Skills to develop: Parents typically want their child to have self-esteem to help them thrive in the world, yet often don’t realize how that unfolds.  To develop self-esteem, children need two important ingredients.  First, they need to feel felt, which means they need to feel there is someone in their world who gets them, who attunes to their feelings on a regular basis.  Secondly, children need to feel competent, which they will only gain when they have developed skills.  The way in which children build skills is through parents giving lots of opportunities for them to do things for themselves from very early on.  This requires parents to step back, and adopt a stance of “watch, wait, and wonder” before intervening, giving the child the opportunity to struggle through a challenge, tolerate frustration, self-soothe, and problem-solve.  This is easier said than done, and is about finding the right balance…we don’t want children to be under-frustrated, where they then don’t need to build skills, and we don’t want them to be over-frustrated, where they give up.  Understanding the importance of this together is at the foundation of a child’s well-being, and is a ‘tightrope’ to walk as a parent. 

Values to impart:  Parents should share what values they each hold dear and want to impart onto their children.  Modeling is a significant teacher, so parents modeling the values they want to impart is the most impactful.  Additionally, daily interactions, routines, rituals, and limits all service these values being developed. 

Examples of values: Family, Health, Love, Integrity, Respect, Compassion, Caring, Service, Cooperation, Responsibility, Dedication, Commitment, Contribution, Excellence, Innovation, Teamwork, Inclusion…

Qualities to develop: Similar to values, parents need to discuss what qualities they want to see develop in their children.  Again, modeling is the most valuable teacher, so parents modeling the qualities they want to raise will be the most impactful. Daily interactions, routines and limits also fuel the development of valued qualities.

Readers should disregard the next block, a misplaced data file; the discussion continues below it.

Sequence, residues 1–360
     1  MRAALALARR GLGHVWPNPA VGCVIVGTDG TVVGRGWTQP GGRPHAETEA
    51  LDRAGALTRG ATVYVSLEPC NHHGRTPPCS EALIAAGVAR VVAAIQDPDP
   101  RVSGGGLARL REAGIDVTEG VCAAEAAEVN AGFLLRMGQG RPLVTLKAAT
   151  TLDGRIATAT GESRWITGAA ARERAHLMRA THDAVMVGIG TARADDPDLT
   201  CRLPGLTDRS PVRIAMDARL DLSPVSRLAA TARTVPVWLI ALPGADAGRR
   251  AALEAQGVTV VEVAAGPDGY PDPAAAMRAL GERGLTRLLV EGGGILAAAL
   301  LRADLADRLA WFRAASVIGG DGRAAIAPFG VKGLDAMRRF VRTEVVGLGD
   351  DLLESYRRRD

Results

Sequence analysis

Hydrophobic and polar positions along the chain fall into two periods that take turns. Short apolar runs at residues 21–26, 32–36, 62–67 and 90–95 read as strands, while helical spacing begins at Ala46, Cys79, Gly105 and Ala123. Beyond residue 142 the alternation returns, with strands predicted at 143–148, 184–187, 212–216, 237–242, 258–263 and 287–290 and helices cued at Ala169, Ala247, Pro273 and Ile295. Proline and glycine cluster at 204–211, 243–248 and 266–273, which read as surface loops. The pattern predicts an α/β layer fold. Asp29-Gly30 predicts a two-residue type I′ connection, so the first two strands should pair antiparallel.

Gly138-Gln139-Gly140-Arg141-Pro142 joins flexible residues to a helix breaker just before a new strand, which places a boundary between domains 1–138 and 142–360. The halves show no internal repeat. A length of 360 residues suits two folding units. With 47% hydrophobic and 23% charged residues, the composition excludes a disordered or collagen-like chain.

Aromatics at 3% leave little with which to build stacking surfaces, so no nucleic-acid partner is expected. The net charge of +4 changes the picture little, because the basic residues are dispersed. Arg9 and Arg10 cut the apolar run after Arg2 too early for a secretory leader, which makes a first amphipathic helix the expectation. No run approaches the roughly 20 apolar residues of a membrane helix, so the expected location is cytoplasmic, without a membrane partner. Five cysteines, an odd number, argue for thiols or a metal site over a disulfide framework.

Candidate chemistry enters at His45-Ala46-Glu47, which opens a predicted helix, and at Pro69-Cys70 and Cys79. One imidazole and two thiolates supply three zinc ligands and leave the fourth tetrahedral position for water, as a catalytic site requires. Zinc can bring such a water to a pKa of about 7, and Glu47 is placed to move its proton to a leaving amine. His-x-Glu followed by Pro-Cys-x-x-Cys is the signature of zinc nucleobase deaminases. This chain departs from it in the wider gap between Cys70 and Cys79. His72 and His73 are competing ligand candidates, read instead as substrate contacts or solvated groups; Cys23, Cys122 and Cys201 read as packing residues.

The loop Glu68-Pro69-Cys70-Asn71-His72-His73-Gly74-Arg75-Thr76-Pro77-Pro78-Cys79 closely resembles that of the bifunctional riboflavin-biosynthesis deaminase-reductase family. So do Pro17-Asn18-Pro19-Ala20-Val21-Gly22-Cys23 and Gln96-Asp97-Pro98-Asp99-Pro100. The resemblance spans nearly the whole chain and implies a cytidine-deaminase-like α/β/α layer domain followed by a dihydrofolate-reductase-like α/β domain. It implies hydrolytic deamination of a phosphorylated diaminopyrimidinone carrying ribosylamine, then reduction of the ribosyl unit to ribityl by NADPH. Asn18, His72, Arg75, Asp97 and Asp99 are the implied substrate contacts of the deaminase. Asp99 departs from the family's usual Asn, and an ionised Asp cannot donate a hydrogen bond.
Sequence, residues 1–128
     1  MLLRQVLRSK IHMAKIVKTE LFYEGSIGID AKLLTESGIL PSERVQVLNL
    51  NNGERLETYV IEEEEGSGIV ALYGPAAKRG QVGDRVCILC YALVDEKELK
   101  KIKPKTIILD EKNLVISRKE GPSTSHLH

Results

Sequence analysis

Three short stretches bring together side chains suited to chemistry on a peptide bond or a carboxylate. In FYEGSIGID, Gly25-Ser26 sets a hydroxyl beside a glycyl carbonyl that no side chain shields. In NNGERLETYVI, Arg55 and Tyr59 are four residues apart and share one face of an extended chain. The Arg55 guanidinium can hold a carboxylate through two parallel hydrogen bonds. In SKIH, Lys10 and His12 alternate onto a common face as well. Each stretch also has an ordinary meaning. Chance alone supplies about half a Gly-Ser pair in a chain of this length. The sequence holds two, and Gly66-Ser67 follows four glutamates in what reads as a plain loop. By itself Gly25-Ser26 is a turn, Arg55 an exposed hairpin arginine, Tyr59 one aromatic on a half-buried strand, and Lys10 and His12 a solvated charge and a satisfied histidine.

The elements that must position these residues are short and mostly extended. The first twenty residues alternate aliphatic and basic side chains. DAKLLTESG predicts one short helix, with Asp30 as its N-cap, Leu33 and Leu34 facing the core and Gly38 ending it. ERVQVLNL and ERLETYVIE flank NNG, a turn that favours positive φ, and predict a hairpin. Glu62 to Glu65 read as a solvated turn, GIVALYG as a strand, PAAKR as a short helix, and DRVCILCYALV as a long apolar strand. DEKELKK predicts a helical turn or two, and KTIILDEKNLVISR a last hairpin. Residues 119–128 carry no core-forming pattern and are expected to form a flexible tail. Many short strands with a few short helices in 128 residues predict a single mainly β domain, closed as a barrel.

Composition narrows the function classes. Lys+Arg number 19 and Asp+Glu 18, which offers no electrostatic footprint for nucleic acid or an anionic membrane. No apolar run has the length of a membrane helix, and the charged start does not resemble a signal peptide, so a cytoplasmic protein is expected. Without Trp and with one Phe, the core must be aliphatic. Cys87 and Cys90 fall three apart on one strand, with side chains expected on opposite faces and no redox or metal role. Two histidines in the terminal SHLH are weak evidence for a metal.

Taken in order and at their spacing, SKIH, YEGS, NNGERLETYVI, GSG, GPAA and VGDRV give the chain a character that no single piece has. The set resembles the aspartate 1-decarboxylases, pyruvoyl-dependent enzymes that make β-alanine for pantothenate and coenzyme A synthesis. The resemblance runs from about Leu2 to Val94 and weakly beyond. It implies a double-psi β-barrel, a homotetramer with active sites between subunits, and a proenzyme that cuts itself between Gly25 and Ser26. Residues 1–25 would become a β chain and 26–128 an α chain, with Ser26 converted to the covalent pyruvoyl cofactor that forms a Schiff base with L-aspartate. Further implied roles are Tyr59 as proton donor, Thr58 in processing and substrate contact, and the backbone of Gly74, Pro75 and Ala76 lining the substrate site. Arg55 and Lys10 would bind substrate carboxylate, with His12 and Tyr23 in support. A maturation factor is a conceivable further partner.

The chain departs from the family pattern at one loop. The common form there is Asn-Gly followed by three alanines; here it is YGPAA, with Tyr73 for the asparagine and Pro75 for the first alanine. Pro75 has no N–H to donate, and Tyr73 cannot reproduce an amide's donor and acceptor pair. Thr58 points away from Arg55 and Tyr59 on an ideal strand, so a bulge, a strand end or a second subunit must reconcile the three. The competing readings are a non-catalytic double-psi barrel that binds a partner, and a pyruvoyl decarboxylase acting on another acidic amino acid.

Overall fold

Examples of qualities:  Whole-Hearted, Emotional Intelligence, Trustworthy, Courageous, Authenticity, Resiliency, Flexibility, Insightful, Creative, Innovative, Citizenship, Forgiveness, Gratitude, Humility…

Family Mission Statement:  After discussing the set of values and qualities parents want for their child, along with the other factors mentioned, a mission statement can be developed.  Everything you do on a daily basis with your children connects to your family mission statement.

Eg:

In our family, we listen to one another.

In our family, we are kind.

In our family, we are truth-tellers.

In our family, we help others.

In our family, we are caring.

In our family, we honor our commitments.

In our family, we ….

Raising a child who thrives as an adult, rather than just survives, requires parents to be the CEO’s of the family, communicating, planning, modifying, growing and being thoughtful as they look ahead at the big picture.  Always keeping in mind that we are raising adults, not just children, will guide your choices.  It will inspire you to be a proactive parent for the long-term gain preparing them for adulthood, versus a reactive parent for the short-term gain or relief of the moment.  This is no easy ‘project’, but hard work pays off with many fruits of your labor.

I share this valuable metaphor as a guiding force in my own family.  My husband and I had, and still have regular meetings and daily communications about what we envisioned for our children, and how our daily set out to meet that.  I see our partnership in parenting as CEO’s of our family as an essential ingredient in our kids’ success.  I can truly say the “proof is in the pudding”, as I witness the beautiful outcomes that have unfolded.  There have definitely been some surprise outcomes beyond our vision that have required growth and acceptance, but it’s all good.  I am so grateful and feel fortunate to share this wisdom hopefully to inspire others.

Allison LaTona